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CPLD-flavored VGA Video card

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This project was created on 07/17/2014 and last updated 2 months ago.

Do you remember when 640x480 was a high resolution?

How about when *hundreds* of colors was a huge palette?

Does the pure awesomeness of dithering cause tears of nostalgia to well up in your assaulted-with-pixel-density eyes?

You've found the right project!

We've undertaken the ambitious challenge of fitting first generation display technologies - VGA and NTSC - on the smallest programmable logic device we think we can to create an embedded video card. Targeted for microcontrollers and headless Linux development boards and devices, VGAtonic promises to bring all the retro-video goodness you can shake a stick - or speak SPI - at.

The Executive Summary 

640x480 Video @ 8 bit color from a serial protocol that any Maker's parts can speak.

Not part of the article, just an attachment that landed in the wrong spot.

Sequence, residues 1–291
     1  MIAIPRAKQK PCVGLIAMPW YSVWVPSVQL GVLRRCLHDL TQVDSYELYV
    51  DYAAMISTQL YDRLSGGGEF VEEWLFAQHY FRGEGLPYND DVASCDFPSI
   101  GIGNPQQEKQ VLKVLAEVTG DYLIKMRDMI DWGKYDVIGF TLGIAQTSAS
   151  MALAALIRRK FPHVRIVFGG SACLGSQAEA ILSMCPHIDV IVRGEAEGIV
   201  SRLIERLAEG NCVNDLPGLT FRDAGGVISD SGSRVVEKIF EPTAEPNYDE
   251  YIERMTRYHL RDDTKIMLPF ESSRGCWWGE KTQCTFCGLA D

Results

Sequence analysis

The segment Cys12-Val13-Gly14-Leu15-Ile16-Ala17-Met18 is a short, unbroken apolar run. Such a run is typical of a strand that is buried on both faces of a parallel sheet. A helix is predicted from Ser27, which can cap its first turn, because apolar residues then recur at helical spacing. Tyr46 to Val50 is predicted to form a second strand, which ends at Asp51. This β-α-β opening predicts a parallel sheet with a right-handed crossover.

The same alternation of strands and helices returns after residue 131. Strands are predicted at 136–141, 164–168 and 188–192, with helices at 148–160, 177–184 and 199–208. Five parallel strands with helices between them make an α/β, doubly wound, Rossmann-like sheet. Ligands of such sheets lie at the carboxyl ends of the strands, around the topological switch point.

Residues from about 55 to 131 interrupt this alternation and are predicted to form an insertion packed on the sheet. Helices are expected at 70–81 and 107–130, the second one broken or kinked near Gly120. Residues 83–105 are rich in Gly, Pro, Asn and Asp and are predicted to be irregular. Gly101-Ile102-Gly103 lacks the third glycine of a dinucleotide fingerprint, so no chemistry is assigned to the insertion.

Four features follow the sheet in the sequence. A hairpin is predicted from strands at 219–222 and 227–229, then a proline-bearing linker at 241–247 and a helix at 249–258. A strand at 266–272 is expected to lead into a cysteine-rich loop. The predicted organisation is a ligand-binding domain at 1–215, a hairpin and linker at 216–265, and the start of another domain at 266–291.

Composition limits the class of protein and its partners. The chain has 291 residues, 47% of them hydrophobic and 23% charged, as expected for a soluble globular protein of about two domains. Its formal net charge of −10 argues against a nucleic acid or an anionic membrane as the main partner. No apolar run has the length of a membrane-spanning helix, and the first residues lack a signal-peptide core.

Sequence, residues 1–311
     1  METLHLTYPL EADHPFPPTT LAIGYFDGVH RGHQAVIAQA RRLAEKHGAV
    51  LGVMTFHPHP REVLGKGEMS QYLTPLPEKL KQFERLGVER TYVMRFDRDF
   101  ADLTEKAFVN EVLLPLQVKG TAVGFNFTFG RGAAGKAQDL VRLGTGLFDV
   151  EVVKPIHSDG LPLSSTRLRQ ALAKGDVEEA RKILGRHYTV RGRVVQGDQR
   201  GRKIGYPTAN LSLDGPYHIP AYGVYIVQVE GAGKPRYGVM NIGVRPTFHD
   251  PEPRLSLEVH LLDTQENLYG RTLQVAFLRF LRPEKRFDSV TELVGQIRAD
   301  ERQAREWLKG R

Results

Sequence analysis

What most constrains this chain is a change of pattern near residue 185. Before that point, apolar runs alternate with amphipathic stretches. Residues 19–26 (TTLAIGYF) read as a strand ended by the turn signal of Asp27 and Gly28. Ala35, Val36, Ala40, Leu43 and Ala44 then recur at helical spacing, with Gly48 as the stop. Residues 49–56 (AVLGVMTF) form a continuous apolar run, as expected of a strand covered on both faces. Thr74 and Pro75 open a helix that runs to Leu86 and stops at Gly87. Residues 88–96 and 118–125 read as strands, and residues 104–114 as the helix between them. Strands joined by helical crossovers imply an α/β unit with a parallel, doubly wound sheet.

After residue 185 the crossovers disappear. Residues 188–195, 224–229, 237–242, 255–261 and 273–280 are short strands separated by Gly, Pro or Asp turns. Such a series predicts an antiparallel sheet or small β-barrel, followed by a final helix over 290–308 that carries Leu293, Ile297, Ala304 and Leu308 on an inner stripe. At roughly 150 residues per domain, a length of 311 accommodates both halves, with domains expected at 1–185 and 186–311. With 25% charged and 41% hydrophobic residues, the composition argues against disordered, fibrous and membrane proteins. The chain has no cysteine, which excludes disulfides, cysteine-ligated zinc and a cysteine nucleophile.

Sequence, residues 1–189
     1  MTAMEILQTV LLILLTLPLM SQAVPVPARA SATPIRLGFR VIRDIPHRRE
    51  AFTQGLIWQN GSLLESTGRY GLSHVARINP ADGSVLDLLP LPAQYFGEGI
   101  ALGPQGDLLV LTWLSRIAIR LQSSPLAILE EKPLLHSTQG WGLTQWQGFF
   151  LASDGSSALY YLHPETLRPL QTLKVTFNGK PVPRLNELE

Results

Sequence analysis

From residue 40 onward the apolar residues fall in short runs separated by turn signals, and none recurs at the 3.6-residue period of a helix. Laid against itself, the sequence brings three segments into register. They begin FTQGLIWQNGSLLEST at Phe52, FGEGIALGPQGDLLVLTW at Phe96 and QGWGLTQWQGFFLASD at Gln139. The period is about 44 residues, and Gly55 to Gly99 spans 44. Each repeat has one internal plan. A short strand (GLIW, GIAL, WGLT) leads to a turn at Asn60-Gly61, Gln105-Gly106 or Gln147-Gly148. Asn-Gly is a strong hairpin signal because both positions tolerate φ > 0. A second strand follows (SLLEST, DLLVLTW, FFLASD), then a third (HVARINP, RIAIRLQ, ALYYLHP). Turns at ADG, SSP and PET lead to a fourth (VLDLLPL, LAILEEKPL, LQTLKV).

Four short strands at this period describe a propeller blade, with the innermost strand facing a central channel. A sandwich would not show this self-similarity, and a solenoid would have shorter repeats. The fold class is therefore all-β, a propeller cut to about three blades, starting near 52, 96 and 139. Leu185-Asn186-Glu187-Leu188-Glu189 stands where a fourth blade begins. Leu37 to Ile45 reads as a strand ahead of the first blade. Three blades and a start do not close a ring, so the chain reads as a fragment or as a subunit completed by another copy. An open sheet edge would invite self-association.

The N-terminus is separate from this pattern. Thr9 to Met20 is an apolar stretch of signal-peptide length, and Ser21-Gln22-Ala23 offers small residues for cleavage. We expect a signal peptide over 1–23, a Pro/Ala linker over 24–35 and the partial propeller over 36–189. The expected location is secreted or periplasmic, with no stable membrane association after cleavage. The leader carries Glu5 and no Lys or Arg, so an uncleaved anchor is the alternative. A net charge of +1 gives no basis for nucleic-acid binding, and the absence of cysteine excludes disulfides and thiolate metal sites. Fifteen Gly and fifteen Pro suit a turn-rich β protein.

The Engineer's Report

As there are a number of interesting display-less dev boards and embedded linux products on the market nowadays (not to mention the 2 PogoPlugs and the Intel Galileo in my own parts bin), I set out to find a solution for getting reasonable video out of the world's collection of headless parts.  

VGAtonic is my effort to make said headless parts connect to the displays people already have lying around - monitors with VGA input, and TVs with their anachronistic NTSC RCA jacks.

Our goals are modest - 640x480 is still the fallback, worst case resolution for lots of applications - so we'll target VGA's original 640x480 spec.  Technically, the original VGA asked for just 4 bit color (read: 16 colors), but as an analog protocol we'll double the number of bits to 8 to get 256 colors.  NTSC is still undecided, but in our tests we've been producing 16 colors and 16 brightnesses: 256 colors the hard way.